Mastercard pledges $500M to help close racial wealth gap

September 17, 2020.

will invest $500 million in Black communities over the next five years, the U.S.-based credit card issuer said Thursday, the latest financial institution to take action to help to close the racial wealth and opportunity gap across the United States.

The investment will include products, services, technology and financial support, Mastercard said, as well as concentrated investments focused on providing Black-owned businesses and Black people with access to financial tools and capital.

Mastercard said half of all Black Americans and Black-owned small businesses are excluded from the financial mainstream and funding opportunities.

Ajay Banga, CEO of Mastercard, said the company has “an obligation as a corporate citizen” to make sure the digital economy is open to all.

“This is a time for action,” Banga said.

The Washington Post reported in June that the wealth of Black households was 8.7% of white household wealth as of 2016; median white household wealth was $149,703 in 2016, while median Black household wealth was $13,024.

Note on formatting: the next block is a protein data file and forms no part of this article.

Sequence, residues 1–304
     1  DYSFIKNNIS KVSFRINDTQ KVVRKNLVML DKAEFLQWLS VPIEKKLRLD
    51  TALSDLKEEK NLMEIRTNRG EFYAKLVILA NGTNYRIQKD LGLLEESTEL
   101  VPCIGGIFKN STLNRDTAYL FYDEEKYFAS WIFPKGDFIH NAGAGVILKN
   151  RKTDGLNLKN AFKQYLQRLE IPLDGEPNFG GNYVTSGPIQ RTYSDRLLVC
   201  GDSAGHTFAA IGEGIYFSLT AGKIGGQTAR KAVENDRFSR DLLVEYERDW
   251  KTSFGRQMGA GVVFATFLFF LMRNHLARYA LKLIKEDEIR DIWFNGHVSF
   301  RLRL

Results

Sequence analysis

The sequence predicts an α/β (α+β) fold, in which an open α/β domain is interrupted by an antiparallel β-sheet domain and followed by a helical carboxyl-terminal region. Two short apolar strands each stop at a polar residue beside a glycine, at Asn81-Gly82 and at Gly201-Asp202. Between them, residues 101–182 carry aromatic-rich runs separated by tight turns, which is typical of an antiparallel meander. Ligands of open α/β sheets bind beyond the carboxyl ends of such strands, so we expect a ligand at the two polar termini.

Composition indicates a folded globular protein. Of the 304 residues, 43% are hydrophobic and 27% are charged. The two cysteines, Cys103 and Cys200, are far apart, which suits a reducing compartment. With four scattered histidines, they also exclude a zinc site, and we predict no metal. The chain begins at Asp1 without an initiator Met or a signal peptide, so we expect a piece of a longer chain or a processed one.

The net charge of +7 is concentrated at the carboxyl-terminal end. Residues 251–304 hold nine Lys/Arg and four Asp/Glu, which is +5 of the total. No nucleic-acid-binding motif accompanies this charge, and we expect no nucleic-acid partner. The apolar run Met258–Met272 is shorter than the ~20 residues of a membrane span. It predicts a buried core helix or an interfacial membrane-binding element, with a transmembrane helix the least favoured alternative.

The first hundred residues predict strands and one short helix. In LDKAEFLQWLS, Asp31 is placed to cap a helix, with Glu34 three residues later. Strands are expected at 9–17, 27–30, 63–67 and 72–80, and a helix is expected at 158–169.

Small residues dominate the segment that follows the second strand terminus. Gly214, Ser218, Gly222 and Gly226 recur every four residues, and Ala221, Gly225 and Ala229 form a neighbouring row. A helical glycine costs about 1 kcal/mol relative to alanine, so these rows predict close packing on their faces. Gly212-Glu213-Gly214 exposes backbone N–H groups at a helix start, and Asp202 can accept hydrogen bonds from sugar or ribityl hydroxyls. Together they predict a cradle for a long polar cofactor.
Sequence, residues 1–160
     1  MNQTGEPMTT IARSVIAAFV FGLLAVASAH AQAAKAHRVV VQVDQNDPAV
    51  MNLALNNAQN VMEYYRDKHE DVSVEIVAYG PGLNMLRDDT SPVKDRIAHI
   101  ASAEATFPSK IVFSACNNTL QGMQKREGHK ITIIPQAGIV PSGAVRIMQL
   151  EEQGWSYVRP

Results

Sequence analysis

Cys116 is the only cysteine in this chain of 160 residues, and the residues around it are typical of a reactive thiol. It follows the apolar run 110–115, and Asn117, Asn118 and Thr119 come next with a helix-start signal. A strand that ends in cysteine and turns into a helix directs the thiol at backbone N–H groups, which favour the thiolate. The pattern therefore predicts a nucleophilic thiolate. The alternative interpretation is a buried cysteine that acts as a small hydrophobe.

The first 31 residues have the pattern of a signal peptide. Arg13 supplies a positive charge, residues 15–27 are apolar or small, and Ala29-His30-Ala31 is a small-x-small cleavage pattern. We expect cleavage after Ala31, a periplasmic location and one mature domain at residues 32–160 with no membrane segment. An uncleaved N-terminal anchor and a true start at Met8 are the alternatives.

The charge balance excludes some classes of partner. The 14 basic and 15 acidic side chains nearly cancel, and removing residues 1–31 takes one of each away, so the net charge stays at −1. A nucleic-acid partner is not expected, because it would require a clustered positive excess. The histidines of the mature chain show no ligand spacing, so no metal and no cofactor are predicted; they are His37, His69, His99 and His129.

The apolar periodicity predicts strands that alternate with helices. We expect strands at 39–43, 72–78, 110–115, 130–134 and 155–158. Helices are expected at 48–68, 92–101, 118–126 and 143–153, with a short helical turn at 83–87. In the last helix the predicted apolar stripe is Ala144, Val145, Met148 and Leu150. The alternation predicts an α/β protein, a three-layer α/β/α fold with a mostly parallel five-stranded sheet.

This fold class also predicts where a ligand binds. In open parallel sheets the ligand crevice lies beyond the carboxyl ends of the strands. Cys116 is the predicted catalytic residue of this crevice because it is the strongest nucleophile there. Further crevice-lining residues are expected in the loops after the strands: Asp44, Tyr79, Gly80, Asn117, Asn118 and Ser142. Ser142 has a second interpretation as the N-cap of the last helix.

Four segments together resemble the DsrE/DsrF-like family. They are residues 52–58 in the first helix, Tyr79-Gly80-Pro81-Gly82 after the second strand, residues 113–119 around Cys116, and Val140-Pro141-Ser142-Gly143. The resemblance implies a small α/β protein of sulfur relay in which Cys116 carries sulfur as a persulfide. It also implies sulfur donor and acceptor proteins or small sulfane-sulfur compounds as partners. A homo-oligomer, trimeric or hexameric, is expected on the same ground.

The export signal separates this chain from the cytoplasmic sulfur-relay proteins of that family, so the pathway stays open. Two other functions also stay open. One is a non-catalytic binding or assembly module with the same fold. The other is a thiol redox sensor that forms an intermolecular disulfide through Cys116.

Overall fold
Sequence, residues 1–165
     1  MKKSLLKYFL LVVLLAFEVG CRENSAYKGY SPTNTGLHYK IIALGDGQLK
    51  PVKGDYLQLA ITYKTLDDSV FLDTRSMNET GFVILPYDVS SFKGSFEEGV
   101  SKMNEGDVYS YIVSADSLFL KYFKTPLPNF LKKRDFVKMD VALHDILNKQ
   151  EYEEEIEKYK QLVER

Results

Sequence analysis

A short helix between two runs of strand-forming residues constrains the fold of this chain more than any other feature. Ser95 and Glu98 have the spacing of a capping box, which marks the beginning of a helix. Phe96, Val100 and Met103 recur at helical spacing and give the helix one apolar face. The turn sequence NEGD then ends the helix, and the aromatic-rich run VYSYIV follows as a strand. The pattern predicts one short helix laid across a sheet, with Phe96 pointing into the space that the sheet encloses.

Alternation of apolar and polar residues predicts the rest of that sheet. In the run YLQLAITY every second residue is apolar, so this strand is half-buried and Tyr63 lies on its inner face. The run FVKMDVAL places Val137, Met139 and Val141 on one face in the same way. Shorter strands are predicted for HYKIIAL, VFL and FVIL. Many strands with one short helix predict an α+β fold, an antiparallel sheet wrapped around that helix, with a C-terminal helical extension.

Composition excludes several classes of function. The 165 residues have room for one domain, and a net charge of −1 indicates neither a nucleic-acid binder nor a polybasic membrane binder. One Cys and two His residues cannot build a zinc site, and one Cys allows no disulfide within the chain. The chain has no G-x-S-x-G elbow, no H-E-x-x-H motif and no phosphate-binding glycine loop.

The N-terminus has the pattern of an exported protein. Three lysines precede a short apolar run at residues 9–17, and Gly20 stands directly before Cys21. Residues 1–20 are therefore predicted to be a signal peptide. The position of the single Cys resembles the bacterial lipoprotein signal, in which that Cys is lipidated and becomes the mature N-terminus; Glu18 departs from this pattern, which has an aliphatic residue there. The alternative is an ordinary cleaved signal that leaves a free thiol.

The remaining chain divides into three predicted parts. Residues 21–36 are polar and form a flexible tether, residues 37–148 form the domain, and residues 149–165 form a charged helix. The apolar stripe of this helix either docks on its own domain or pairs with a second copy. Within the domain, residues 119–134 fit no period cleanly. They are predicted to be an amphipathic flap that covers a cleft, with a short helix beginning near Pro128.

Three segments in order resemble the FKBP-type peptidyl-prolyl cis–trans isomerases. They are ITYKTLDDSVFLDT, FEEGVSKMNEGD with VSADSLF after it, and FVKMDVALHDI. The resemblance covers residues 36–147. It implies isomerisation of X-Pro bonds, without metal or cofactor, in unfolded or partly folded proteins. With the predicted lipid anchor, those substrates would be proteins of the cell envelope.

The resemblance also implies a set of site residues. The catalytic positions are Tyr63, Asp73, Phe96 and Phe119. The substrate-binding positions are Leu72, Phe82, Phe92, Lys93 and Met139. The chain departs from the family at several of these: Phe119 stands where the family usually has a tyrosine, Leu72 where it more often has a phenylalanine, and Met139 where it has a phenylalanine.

Mastercard said it will focus on three areas with its investment, including reducing the cost and barrier to access for many of its financial products and expanding relationships with community development financial institutions. The card issuer also said it is expanding its city programs to Atlanta; Birmingham, Alabama; Dayton, Ohio; Los Angeles; New Orleans, New York City; and St. Louis.

Mastercard said it has helped direct $250 million in capital flow to Black-owned businesses in the U.S. since 2018, an amount it hopes to triple through its current efforts.

Since the killing of George Floyd in Minneapolis earlier this year sparked global outrage over the racial disparities inherent in many aspects of society, several financial institutions have stepped forward to help close the gaps. In June, for example, Bank of America pledged to spend $1 billion over four years to support local communities struggling with economic and racial inequities exacerbated by the COVID-19 pandemic.

Additionally, and the Citi Foundation earlier this week expanded their Pathways to Progress initiative, which helps young people become equipped with skills they need to access employment opportunities in rapidly changing economies, with an investment of $100 million. Since 2014, the Citi Foundation has invested approximately $200 million in the program.

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